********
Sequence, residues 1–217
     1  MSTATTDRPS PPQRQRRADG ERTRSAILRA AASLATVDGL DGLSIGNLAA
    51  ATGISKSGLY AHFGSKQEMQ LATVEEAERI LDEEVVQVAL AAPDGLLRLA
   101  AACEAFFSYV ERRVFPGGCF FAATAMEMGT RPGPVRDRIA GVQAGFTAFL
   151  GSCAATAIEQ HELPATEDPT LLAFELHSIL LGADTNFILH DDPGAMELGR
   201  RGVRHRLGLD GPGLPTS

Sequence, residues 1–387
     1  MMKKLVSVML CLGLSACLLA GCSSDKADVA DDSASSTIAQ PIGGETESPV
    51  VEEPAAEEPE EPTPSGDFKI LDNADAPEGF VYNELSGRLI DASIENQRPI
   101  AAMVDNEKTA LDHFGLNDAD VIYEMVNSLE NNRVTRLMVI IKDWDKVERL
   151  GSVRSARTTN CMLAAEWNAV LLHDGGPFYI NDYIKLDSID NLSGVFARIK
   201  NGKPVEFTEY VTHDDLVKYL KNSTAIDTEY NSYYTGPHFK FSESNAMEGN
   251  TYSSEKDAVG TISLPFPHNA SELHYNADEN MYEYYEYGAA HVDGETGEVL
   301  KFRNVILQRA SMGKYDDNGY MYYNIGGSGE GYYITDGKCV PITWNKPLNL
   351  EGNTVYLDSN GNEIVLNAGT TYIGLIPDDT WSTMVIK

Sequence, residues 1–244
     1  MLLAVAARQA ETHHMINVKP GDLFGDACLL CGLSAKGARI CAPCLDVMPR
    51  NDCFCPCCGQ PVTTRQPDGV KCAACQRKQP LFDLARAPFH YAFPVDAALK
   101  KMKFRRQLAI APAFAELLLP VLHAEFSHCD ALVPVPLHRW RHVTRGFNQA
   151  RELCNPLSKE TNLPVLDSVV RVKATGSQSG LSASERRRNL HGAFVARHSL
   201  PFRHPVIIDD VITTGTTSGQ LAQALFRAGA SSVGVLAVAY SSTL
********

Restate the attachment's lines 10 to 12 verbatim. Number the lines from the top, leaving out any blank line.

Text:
   101  AAMVDNEKTA LDHFGLNDAD VIYEMVNSLE NNRVTRLMVI IKDWDKVERL
   151  GSVRSARTTN CMLAAEWNAV LLHDGGPFYI NDYIKLDSID NLSGVFARIK
   201  NGKPVEFTEY VTHDDLVKYL KNSTAIDTEY NSYYTGPHFK FSESNAMEGN